At this point one of the officers requested that Vent be kept clear so that directions could be given and there would be no misunderstandings. Another officer disagreed with the request, arguments ensued very loudly over Vent… and all of a sudden they both /gquit and dropped raid. Drama llama!!
Well, one of them came back, we replaced the other… wiped a couple more times, and I for one was starting to feel tired and discouraged… when we some how did the perfect fight. Well, close enough to perfect – we downed him, and that is certainly the main thing! And yes… I ‘Squee’d in real life, the rumours are all true. Then I got to mine for epic gems – hehehe! We netted 4 epic gems out of it, gave one to the other guild we run with, and kept three for ourselves (because we are greedy buggers… and there were more of us!) It is just a shame that the excitement had to be marred by drama – urgh.
Lessons to be learned:
1. I don’t give a damn whether you are a lowly peon (like me!) or an officer, you are not a unique and special snowflake! Deal with it!
2. Everyone knows wiping… repeatedly… especially to stupid crap or from just being unlucky sucks. Suck it up, move on. No need to get snarky about it.
3. Saresa is clearly awesome. Not sure why, but it sounds right anyway.
Once again I have been thinking about loot systems and how they work. As you probably know, my current guild works with Suicide Kings (also known as SKG from the name of the mod – Suicide Kings Geo). For the uninitiated, here is a brief run down of how the system works. SKG is based upon having master lists of everybody in the raid. We use a three list system: one for Tier, one for Raid (armour and weapons), and one for Miscellaneous Items (trinkets, relics, off hands, etc). The purpose of having three lists is to ensure that items of equal value are banded together, which makes it fairer (because all suicides are not equal after all).
At the beginning of the system, everyone used a random roll to establish their place. Raider rank members of the guild rolled 500-1000, and non raider rank members rolled 1-500. This ensured that those with Raider rank maintained their first preference for loot (at least to begin with). People who join the guild, as well as PuGs, join the list at the very bottom.
The system then works by having people ‘suicide’ for an item of loot they want. Suiciding simply means you sacrifice your position on the list and move to the bottom. When more than one person suicides, the person highest position wins the item. Everyone in the raid then moves up a position, while the people not in the raid do not. This is SKG’s way of rewarding people for attendance.
I think SKG sounds to be relatively fair in theory. Everyone has a chance at all loot (rather than DEing items because people have insufficient DKP, or other happenings people have heard of). Pugs also get a chance at the loot if no one needs it, which I believe is preferable to it being DE’ed or given to someone for an offset that they will never use. However, there are some major flaws, which I think really need to be addressed.
- There is no real reward for showing up when you have a character who is ‘fully geared’ (to farm content).
- Alts in our system run off the same list as the main – i.e. If I wanted to take Hermia to a run, I would use Saresa’s position on the list to suicide. Saresa has built up a fairly high place on the list by holding back from suicides, and can now take loot that would perhaps be better served going to a new recruit.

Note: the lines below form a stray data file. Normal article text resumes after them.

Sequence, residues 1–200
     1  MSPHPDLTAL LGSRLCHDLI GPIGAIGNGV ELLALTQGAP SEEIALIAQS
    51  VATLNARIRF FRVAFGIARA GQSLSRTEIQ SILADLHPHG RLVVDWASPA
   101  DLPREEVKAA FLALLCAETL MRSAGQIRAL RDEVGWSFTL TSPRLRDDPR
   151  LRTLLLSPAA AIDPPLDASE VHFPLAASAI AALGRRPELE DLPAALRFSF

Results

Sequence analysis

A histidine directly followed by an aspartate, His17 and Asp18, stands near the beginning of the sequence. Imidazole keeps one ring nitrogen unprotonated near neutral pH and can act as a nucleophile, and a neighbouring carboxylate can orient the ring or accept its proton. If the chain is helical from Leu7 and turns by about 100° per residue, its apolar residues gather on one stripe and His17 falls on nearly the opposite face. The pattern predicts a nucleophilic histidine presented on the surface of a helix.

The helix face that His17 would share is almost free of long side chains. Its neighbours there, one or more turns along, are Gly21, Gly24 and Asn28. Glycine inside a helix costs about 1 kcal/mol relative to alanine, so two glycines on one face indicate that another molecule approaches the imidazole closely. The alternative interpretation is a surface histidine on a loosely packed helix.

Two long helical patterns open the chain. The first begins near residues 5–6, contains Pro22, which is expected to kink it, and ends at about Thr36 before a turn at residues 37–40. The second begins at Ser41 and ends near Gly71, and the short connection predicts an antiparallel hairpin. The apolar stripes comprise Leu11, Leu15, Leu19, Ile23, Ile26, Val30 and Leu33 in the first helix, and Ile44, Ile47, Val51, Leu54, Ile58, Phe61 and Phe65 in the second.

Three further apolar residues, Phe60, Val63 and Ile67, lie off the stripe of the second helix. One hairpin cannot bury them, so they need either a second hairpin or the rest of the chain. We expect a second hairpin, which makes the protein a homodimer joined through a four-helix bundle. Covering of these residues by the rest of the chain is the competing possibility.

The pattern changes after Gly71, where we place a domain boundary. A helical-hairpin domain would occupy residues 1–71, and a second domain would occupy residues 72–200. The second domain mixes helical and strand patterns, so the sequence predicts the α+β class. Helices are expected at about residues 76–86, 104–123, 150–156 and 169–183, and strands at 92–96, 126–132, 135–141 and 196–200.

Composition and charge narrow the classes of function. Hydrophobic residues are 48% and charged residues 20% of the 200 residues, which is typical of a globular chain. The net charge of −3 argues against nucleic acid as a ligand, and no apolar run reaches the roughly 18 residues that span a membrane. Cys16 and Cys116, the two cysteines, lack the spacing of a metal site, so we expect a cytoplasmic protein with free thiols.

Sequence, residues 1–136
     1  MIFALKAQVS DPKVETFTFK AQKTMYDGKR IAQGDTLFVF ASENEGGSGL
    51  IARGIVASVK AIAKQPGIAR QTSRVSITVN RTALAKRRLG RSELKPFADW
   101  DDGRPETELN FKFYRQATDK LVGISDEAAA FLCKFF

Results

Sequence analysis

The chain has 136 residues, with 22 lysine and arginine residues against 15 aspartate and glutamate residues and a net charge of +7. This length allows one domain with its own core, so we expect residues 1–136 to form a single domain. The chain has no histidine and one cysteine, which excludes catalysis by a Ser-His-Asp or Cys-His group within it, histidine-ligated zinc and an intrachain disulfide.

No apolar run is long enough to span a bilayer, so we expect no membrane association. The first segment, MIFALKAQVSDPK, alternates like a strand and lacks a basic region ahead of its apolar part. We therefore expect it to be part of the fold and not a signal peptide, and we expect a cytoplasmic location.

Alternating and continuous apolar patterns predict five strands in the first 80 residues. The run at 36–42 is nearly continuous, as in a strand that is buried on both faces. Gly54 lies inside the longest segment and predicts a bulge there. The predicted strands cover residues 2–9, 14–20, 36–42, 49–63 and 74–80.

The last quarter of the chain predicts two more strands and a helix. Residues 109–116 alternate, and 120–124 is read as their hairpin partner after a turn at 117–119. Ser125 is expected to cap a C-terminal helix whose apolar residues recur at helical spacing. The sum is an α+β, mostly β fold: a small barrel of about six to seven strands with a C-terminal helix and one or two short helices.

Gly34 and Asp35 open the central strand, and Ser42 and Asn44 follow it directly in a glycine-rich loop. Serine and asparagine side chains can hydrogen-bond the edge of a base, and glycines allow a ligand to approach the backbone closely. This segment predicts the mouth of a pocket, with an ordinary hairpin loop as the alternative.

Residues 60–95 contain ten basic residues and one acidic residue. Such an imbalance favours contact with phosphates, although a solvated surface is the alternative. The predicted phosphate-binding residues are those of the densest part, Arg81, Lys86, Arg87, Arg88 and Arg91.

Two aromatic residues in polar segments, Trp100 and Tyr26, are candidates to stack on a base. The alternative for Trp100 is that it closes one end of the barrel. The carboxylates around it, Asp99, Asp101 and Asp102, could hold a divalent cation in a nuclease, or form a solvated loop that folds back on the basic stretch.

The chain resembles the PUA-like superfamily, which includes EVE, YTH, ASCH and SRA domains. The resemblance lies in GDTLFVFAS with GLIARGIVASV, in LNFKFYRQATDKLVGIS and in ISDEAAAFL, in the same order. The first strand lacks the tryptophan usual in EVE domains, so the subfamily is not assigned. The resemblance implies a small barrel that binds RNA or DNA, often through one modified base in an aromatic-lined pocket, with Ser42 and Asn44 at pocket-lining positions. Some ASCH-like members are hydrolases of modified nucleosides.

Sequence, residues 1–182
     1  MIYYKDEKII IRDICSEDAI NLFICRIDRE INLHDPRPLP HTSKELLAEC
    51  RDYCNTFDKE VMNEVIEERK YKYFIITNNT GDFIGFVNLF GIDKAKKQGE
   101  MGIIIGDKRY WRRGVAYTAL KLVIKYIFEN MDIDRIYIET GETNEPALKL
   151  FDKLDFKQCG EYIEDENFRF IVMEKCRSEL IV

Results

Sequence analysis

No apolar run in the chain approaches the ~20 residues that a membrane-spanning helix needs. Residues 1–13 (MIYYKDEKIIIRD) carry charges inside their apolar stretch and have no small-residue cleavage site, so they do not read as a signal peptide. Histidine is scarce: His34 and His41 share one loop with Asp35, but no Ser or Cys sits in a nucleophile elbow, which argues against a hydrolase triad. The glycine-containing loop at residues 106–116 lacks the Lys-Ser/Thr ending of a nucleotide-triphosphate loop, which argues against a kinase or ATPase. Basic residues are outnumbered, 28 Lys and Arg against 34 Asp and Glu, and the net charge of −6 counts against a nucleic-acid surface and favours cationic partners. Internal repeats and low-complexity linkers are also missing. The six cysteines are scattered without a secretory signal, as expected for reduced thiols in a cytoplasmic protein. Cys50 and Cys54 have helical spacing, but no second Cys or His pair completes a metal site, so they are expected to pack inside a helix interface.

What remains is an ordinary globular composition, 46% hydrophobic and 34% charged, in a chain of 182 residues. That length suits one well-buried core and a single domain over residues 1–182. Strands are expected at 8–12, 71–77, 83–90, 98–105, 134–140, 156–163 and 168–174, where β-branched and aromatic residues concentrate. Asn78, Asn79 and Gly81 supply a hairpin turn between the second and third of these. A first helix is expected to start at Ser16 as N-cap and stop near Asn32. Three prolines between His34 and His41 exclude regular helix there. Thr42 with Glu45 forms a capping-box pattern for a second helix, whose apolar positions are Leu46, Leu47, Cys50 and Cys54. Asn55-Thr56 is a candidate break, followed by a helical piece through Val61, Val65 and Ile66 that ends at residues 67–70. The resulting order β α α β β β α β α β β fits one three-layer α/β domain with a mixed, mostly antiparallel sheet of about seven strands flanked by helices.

- In some ways, luck still plays a fairly major role. A great example is the Tier pieces. I have awfully bad luck when it comes to drops most of the time. I also make basically every required raid (if I had to guess, I would say I have 90% attendance). Through sheer dumb luck, everytime we downed a boss who dropped Tier gear I was away, or they didn’t drop a Hero piece. Of course, if it only dropped when I wasn’t there, all the other Warlocks, as well as the Mages and Hunters, advanced ahead of me on the list. It got to the point where people who attended far less than me had 3/5 of Tier 5, while I had none.
- Pugs can end up ahead of guildies. An instance of this happened today. We had a warlock applying to the guild who we decided not to let in. Now, for some reason or another, they have been present for a couple of raids throughout the application process (three I believe). Through this attendance, and the fact that I suicided for my T5 shoulders last week, they were above me on the list. When 3 Hero T5 Pant tokens dropped today, I felt fairly confident that I would get them (because most everyone else had them or better). Instead, one of the guild mages won them (perfectly fine), a guild alt-become-main got them (OK I suppose, although I still disagree with being able to swap an alt to a main simply because your main is now fully geared), and this app warlock got them. That really ticked me off, because the officers had decided half way through the raid that he would be rejected, because, frankly, he was not at all good.
I think that these issues are a major problem for our guild. The encouraging of alts to raid is a detriment to progression, as is letting upgrades go out of guild. People have no real incentive to show up, which means our core has deteriorated, resulting in the need to recruit and train. Of course, a loot system surely can not be the sole cause of guild trouble, but it helps.
My Ideal Loot System
- Rewards raiders for showing up to farm content
- Rewards raiders for raiding with their mains, despite the fact they may not need anything else from that place.
- Rewards people for showing up to ‘wipefests’ (new difficult content)
- Rewards people of Raider rank (or equivalent) before non-raiders
- Ensures that guild mains ALWAYS get upgrades before pugs or alts
- Discourages people from ‘main swapping’, as this often hinders progression.
- Rewards people for being punctual, reading strats, and being prepared.
- Discourages people from leaving upgrades in order to ‘save’ for more significant upgrades (DKP hoarding)
- Is ultimately beneficial to the guild’s progression.